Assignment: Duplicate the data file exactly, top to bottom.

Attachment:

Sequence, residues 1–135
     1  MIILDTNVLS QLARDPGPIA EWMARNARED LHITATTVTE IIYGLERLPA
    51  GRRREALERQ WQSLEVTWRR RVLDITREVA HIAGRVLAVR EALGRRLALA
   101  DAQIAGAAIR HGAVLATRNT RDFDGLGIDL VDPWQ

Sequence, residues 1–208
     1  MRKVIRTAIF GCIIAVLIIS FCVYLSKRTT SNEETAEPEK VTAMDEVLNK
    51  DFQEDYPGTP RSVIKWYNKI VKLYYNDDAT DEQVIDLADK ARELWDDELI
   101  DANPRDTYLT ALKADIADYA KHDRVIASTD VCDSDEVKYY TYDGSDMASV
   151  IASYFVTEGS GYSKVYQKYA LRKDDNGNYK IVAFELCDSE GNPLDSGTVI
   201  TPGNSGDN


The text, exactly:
Sequence, residues 1–135
     1  MIILDTNVLS QLARDPGPIA EWMARNARED LHITATTVTE IIYGLERLPA
    51  GRRREALERQ WQSLEVTWRR RVLDITREVA HIAGRVLAVR EALGRRLALA
   101  DAQIAGAAIR HGAVLATRNT RDFDGLGIDL VDPWQ

Sequence, residues 1–208
     1  MRKVIRTAIF GCIIAVLIIS FCVYLSKRTT SNEETAEPEK VTAMDEVLNK
    51  DFQEDYPGTP RSVIKWYNKI VKLYYNDDAT DEQVIDLADK ARELWDDELI
   101  DANPRDTYLT ALKADIADYA KHDRVIASTD VCDSDEVKYY TYDGSDMASV
   151  IASYFVTEGS GYSKVYQKYA LRKDDNGNYK IVAFELCDSE GNPLDSGTVI
   201  TPGNSGDN